The walls of the chamber as well as the floor were entirely hidden by skins and woven fabrics. Blue predominated in all the colorations. Fastened against the hides were many pairs of Wieroo wings, mounted so that they resembled long, black shields. Upon the ceiling were painted in blue characters a bewildering series of hieroglyphics and upon pedestals set against the walls or standing out well within the room were many human skulls.
As the Wieroos approached the figure upon the dais, they leaned far forward, raising their wings above their heads and stretching their necks as though offering them to the sharp swords of the grim and hideous creature.
"O Thou Who Speakest for Luata!" exclaimed one of the party. "We bring you the strange creature that Fosh-bal-soj captured and brought thither at thy command."
So this then was the godlike figure that spoke for divinity! This arch-murderer was the Caspakian representative of God on Earth! His blue robe announced him the one and the seeming humility of his minions the other. For a long minute he glared at Bradley. Then he began to question him— from whence he came and how, the name and description of his native country, and a hundred other queries.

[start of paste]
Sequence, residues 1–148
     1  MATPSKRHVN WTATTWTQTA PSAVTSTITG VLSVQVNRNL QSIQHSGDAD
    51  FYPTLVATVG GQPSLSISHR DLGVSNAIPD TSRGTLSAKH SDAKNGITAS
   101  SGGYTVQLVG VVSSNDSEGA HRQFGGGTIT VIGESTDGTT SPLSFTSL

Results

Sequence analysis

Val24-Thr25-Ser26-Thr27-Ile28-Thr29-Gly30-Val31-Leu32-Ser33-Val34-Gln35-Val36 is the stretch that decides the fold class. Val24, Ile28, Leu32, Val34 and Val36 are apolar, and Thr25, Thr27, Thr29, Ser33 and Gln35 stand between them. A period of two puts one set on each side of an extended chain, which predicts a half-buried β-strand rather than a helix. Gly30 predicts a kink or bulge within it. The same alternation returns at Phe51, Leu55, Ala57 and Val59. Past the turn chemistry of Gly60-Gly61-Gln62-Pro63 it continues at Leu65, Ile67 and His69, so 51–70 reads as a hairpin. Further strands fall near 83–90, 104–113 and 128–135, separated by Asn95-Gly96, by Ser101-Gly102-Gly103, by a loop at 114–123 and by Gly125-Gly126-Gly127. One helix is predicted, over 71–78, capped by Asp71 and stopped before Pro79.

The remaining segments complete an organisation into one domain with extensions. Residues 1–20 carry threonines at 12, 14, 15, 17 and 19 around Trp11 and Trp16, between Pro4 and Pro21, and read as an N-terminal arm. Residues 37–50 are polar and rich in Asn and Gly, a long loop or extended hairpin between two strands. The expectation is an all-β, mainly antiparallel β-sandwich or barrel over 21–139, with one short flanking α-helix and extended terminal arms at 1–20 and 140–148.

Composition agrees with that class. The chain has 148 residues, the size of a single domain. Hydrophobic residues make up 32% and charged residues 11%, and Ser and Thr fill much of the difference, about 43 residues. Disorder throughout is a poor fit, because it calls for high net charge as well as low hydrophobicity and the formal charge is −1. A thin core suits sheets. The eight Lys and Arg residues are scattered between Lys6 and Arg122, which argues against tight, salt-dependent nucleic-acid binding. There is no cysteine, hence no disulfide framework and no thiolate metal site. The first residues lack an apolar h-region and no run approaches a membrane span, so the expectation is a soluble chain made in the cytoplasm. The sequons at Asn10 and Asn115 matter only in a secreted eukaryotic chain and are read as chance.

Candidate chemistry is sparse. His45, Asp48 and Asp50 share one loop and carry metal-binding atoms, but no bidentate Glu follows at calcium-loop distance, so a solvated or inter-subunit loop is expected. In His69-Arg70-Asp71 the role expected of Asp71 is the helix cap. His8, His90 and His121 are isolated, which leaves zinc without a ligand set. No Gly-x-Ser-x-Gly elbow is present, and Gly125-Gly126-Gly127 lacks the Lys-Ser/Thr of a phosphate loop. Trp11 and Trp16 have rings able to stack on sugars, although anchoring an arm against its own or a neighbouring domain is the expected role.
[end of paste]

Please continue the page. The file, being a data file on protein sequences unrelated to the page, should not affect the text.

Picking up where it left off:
"Are you cos-ata-lu?" the creature asked.
Bradley replied that he was and that all his kind were, as well as every living thing in his part of the world.
"Can you tell me the secret?" asked the creature.
Bradley hesitated and then, thinking to gain time, replied in the affirmative.
"What is it?" demanded the Wieroo, leaning far forward and exhibiting every evidence of excited interest.
Bradley leaned forward and whispered: "It is for your ears alone; I will not divulge it to others, and then only on condition that you carry me and the girl I saw in the place of the yellow door near to that of Fosh-bal-soj back to her own country."
The thing rose in wrath, holding one of its swords above its head.
"Who are you to make terms for Him Who Speaks for Luata?" it shrilled. "Tell me the secret or die where you stand!"